The three candidates for the North Coast riding in the 2017 B.C. election.

The three candidates for the North Coast riding in the 2017 B.C. election.

North Coast candidates answer three hard questions — Part 1: Education

Starting this week the Northern View is asking each of the North Coast candidates three questions on a particular subject.

  • Apr. 11, 2017 5:00 a.m.

The election was officially announced on April 11 for the May 9 vote. Starting this week the Northern View is asking each of the candidates three questions on a particular subject.

Question 1:  The school district has been trying to have the Prince Rupert Middle School replaced for the past 10 years. Is rebuilding the middle school a priority for your party?

Herb Pond, BC Liberal

All four of my children attended PRMS when it was still a high school, so I understand why it is a priority for SD52.  I am committed to advocating for their priorities in government.  Unfortunately, our current MLA hasn’t once requested a meeting with the Minister of Education over the last four years. That will change once I’m elected.

Hondo Arendt, Green Party

I definitely think that the replacement of the middle school should be a regional priority.  The building is definitely well beyond its prime.  It doesn’t just show the usual wear and tear of an older structure — it has portions that have obviously shifted and subsided.  In fact, if you place a marble on the floor in PRMS, it can be entertaining just watching what direction and how fast the marble will roll.  Besides the building’s general decline, it also has a poor rating with regard to earthquake-proofing, and has had the recent problem of lead in the school’s water system.  Putting this all together makes it pretty clear that replacement of the Middle School should be at the top of list with regard to local infrastructure programs (or provincial ones for that matter).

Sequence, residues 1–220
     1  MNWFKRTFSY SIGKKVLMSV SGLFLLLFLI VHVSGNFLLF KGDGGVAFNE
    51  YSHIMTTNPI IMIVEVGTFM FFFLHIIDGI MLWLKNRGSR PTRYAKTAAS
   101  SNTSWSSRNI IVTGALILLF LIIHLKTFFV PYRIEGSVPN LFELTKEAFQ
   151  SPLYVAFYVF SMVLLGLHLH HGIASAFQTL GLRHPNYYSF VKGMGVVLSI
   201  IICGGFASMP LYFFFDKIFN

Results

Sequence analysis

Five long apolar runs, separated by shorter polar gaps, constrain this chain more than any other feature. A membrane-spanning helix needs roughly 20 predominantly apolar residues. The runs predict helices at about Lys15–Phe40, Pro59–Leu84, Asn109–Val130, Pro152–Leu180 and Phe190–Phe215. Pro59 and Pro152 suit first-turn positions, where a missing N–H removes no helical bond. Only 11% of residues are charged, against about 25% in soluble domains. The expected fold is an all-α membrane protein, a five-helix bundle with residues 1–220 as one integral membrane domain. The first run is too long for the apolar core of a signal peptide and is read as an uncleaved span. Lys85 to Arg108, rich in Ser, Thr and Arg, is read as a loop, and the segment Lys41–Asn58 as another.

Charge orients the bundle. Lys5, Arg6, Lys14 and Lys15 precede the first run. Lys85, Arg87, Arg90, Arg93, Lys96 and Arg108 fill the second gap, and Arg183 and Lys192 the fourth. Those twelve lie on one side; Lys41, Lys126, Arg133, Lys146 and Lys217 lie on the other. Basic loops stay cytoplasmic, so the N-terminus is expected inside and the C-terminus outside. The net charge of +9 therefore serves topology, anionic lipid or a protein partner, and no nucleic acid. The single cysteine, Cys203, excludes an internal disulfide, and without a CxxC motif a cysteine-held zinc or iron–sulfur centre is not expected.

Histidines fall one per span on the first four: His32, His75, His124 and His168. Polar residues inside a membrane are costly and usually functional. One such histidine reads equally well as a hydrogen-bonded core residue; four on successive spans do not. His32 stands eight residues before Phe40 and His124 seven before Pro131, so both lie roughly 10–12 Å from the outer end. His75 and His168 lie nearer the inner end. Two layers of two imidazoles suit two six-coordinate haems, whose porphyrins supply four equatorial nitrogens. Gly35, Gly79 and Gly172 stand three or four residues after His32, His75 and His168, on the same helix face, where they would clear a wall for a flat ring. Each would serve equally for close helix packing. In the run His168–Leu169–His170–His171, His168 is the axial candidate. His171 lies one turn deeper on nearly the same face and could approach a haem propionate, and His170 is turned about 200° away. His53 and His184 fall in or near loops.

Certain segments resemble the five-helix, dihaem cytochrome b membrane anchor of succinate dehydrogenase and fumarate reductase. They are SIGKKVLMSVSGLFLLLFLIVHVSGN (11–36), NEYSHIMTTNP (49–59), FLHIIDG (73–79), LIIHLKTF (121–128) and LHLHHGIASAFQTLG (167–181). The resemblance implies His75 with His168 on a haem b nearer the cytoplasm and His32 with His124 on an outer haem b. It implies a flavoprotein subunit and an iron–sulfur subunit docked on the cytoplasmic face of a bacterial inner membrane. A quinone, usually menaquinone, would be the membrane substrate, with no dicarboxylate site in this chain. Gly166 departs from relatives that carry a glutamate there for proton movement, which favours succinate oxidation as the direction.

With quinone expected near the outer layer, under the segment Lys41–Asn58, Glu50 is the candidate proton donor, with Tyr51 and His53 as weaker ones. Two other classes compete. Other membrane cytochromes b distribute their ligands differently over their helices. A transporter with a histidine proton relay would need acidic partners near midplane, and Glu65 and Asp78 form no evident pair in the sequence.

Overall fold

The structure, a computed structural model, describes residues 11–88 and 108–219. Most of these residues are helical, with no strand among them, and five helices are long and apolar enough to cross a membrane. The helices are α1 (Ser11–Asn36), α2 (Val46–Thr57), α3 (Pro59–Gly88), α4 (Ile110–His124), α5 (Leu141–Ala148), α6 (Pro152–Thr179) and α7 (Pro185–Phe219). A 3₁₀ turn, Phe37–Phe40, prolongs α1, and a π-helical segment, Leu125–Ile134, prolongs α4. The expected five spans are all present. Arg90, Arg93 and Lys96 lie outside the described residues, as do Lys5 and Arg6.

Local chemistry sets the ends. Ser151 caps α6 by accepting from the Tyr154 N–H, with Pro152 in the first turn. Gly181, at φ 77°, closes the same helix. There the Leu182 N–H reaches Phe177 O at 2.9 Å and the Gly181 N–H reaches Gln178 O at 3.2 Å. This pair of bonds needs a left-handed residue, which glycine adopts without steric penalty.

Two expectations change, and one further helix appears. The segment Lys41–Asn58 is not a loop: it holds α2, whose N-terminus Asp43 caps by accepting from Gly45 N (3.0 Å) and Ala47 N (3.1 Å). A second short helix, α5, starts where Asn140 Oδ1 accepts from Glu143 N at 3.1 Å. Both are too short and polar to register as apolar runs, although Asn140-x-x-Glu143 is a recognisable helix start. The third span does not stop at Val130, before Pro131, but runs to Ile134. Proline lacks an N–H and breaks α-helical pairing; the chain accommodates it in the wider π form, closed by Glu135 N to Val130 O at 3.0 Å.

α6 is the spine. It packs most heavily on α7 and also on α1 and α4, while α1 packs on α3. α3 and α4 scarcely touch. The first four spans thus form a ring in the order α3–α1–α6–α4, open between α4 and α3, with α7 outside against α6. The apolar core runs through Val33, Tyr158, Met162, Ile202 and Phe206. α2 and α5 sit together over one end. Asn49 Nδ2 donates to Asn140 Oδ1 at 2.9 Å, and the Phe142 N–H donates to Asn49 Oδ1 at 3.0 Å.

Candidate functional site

Jennifer Rice, NDP

Yes. There’s a terrible backlog of upgrades, replacements and new school construction in the province after the Liberals’ neglect for the last 16 years. The Prince Rupert Middle School’s seismic, structural and other health and safety concerns make it a high priority for us. Reports commissioned by the school district and the Province indicate that this school is beyond its useful life. SD52 has invested hundreds of thousands in reports for replacement of the school, but has not received funding or been included in the business case development list as of January 2017. There is a great opportunity here for a new, energy-efficient building that’s conducive to healthy learning environments of the 21st century. Middle school children are learning about science and engineering, environment and sustainability at this age and here’s an opportunity for learners to see these concepts put in action right before their eyes in the design of their school. A new, energy efficient building that students and the local community help design has endless learning and growth opportunities, creates jobs and provides energy savings in the long-term to the school district.